When it takes the wraps off its new Mazda6 today at the Frankfurt auto show, Mazda Motor Corp. also will be unveiling a new “bold and exquisite” – yet still very Japanese – styling direction for the car, officials say.
“It is vitally important that the new Mazda6 confidently embodies a Japanese design identity,” chief designer Youichi Sato says in a statement. “And it must still look fresh in 10 years’ time.”
The Mazda6, the first generation of which in 2002 heralded Mazda’s signature “zoom-zoom” product image, is all new for Europe, with larger dimensions all around and availability of a new 4-cyl. engine.
Mazda says the car, which goes on sale in Europe in November, is not identical to the North American Mazda6 due next summer, which has been tailored to local market tastes.
The second-generation Mazda6 sedan and hatchback gains 2.6 ins. (65 mm) in length on the outgoing model. It also is 0.6 ins. (15 mm) wider and 0.2 ins. (5 mm) taller, while wheelbase is increased some 2.0 ins. (50 mm).
Powering the Mazda6 lineup in Europe, where a station wagon also will be sold, is a new 2.5L 4-cyl. gasoline engine making 167 hp and 167 lb.-ft. (226 Nm) of torque. Mazda says it bored out the outgoing 2.3L and lengthened its stroke, as well as added freer-flowing intake and exhaust ports, to improve torque 10% in the most frequently used engine-speed range.
Three other 4-cyl. engines are carried over from the outgoing Mazda6: a 1.8L and 2.0L gas engine and Mazda’s MZR-CD 2.0L turbodiesel generating 138 hp and 243 lb.-ft. (330 Nm) of torque.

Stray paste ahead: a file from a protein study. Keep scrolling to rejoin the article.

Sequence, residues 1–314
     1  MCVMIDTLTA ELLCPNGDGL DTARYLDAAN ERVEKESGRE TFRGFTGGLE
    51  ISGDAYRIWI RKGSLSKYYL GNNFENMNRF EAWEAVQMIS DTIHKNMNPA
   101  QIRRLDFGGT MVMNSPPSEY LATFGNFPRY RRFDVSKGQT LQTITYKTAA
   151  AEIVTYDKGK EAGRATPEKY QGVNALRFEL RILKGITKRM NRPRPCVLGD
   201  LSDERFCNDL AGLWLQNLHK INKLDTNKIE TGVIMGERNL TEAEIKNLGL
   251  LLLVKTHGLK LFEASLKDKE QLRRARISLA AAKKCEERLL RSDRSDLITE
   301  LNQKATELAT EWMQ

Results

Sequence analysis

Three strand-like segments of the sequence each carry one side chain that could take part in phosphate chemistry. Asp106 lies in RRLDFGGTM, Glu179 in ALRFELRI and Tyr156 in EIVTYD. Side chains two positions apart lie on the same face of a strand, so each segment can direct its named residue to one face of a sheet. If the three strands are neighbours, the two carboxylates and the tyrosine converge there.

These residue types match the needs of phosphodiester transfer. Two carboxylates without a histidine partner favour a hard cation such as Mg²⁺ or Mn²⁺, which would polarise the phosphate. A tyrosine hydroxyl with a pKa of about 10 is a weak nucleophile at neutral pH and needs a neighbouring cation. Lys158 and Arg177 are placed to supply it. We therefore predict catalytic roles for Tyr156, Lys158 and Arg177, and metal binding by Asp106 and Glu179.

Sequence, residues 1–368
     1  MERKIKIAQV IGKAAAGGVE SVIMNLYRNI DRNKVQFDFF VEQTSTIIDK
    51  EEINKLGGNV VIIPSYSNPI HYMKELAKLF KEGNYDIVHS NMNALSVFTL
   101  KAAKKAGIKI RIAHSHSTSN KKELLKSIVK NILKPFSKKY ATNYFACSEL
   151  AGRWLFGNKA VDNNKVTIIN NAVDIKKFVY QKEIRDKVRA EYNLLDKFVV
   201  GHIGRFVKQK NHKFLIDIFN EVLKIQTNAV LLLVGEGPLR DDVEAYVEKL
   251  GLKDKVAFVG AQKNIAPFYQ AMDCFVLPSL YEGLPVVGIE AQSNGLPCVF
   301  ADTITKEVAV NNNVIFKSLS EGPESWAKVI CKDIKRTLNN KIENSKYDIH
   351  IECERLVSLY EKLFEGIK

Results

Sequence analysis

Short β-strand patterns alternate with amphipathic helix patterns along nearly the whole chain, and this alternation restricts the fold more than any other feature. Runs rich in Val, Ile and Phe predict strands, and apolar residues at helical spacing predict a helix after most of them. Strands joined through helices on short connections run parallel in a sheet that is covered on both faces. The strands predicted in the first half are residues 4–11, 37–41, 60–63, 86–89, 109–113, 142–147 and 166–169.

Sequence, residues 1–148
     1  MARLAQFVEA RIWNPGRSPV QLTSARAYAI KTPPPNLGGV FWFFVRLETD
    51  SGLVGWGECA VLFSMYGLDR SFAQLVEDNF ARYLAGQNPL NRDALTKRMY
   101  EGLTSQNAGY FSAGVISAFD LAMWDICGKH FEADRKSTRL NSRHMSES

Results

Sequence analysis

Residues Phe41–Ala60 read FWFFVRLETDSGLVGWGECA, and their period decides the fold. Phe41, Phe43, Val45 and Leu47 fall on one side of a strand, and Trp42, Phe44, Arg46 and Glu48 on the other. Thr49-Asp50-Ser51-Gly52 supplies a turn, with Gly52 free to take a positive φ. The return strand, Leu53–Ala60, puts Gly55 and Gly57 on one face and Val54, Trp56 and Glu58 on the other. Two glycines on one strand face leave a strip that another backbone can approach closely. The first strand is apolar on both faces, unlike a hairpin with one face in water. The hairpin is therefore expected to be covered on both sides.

Mazda says the smaller gas engines’ fuel efficiency and carbon dioxide emissions have improved about 10%.
Transmissions offered include a 5-speed manual (1.8L); 6-speed manual (2.0L gas and diesel, 2.5L); and a 5-speed automatic (2.0L gas). The 6-speed manual adds larger synchronizers between 5th and 6th gears, lowering high-speed shift force 15% vs. the previous 6-speed manual.
Mazda has increased the number of subframe-to-body mount points from four to six for the double-wishbone front suspension for “refined steering stability” and ride comfort.
Also improving comfort is the higher placement of the multi-link rear suspension’s trailing link front pivot.
An electric power steering system replaces the first-generation’s hydraulic system to offer steering that is better weighted to vehicle speed and improves fuel economy 2%, Mazda says.
Greater use of high-tensile and ultra-high-tensile steel has reduced weight, while improving torsional stiffness 30% for the hatchback, 25% for the wagon and 14% for the sedan, the auto maker says.
Inside, Mazda moves the steering wheel angle up, setting it at 21 degrees for improved driver comfort. A “heartbeat” effect is part of a welcome mode activated when the driver turns on the car, with lights illuminating in order of precedence and certain switch lights activating up and fading down.
A cross-functional network (CF-Net) has steering wheel switches that integrate control of the vehicle’s navigation, audio and air-conditioning systems, among others, with a display at the top of the center stack.
Mazda promises a quieter interior thanks to efforts to eliminate unwanted engine and road noise.
Mazda says the 5-door hatchback possesses a “coupe-style silhouette,” while the sedan’s appearance is less boxy due to its “tautly-arched cabin” and hatchback-like, short, rising rear end.